Press freedom was weak during the Morales regime and there have not been positive developments during the transitional government of Añez. The situation deteriorated even more during the protests and now during the COVID-19 lockdown. The biggest challenges for press freedom and freedom of expression in Bolivia include self-censorship, intimidation and attacks against journalists as well as state’s persecution of political opponents on an arbitrary and ambiguous basis. Due to the current situation of free speech and media freedom, Bolivian democracy and the human rights of the Bolivians remain also threatened.
ITEI certainly recognises the importance of press freedom and free expression in Bolivia. ITEI believes that torture, violence and other human rights violations by the state must be reported and scrutinized in the public. ITEI aims to facilitate public discussion of torture and state violence in Bolivia and to inform the public about these practices in Bolivia. For the eradication of torture and state violence, it is essential that these are covered in the media and denounced by the public. This is important especially now because many people in Bolivia identify torture and state violence as actions of past – something that the military governments practised. For winning the battle against torture, it is fundamental that the public is informed about its existence and that the regular people also start demanding the termination of these practices. Therefore, press freedom and freedom of expression are vital elements in the fight against torture and state violence.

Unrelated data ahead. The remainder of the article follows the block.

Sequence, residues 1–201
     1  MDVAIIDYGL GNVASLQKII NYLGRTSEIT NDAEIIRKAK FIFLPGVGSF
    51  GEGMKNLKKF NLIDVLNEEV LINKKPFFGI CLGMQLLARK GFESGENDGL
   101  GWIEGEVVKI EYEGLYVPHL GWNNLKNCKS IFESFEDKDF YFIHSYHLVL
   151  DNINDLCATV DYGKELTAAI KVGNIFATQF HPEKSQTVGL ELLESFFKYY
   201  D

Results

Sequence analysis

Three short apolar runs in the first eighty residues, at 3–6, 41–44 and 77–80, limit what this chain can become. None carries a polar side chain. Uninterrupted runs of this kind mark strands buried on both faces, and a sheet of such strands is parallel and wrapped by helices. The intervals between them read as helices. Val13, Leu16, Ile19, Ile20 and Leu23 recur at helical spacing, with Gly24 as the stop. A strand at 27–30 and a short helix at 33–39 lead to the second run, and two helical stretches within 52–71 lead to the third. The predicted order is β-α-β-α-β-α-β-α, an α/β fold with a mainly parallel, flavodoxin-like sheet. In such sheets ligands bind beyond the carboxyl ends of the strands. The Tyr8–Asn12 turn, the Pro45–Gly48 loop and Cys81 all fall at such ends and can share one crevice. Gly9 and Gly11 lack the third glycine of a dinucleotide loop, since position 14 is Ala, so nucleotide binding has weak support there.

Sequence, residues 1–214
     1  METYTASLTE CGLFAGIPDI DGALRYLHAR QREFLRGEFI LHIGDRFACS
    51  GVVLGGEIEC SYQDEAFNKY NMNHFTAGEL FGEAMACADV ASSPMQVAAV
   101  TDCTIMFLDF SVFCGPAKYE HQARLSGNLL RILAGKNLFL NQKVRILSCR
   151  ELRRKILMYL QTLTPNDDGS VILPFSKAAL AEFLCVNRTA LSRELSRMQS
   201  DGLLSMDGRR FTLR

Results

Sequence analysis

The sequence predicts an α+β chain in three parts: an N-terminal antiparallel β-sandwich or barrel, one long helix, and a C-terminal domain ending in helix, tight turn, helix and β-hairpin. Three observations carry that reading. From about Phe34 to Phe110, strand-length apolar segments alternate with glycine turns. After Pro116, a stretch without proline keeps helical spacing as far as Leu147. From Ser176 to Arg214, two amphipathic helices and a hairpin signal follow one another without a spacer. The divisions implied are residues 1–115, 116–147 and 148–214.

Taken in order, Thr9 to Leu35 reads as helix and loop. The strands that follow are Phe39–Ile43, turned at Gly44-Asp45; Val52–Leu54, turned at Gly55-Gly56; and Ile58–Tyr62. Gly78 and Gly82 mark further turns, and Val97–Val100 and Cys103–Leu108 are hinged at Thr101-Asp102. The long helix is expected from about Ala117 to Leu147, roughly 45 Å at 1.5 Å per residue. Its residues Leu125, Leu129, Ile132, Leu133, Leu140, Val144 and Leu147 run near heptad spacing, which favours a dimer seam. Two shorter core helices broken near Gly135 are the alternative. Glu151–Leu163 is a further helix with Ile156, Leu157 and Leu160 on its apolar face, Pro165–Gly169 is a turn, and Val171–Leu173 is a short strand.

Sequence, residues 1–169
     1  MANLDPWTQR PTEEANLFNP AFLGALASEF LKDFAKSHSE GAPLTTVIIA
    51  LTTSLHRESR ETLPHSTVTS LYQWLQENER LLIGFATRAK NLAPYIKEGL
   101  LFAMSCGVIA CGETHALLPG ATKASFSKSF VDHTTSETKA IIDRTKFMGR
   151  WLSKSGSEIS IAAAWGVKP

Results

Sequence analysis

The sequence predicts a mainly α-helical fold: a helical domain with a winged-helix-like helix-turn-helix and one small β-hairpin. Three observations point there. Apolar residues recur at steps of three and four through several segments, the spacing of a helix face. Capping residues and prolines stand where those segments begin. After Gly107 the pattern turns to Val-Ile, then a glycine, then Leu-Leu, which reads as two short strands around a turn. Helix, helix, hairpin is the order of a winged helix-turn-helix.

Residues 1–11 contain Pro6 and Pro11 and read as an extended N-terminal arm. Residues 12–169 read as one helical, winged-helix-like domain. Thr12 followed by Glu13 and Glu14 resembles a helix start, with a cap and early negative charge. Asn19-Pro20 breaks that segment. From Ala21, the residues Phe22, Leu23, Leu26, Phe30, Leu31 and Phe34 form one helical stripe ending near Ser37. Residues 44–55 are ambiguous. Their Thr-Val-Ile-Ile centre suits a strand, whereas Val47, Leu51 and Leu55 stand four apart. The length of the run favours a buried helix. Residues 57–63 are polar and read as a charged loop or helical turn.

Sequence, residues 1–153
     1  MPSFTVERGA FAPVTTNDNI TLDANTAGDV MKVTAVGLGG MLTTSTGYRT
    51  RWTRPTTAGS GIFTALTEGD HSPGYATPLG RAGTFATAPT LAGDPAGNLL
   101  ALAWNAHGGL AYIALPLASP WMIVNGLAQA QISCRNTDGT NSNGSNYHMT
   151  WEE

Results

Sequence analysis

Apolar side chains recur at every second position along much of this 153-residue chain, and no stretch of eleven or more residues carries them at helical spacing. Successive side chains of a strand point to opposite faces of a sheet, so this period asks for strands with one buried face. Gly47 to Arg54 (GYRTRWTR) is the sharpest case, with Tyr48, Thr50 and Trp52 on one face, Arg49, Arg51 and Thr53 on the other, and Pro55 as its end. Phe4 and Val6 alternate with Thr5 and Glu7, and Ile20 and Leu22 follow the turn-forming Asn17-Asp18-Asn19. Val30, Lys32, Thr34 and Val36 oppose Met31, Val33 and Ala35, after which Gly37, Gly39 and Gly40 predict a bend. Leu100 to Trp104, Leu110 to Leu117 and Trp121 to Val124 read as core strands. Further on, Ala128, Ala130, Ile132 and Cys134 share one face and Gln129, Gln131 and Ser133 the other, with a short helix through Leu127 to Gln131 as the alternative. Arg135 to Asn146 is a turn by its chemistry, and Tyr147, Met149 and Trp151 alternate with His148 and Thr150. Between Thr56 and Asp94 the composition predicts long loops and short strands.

4th of May 2020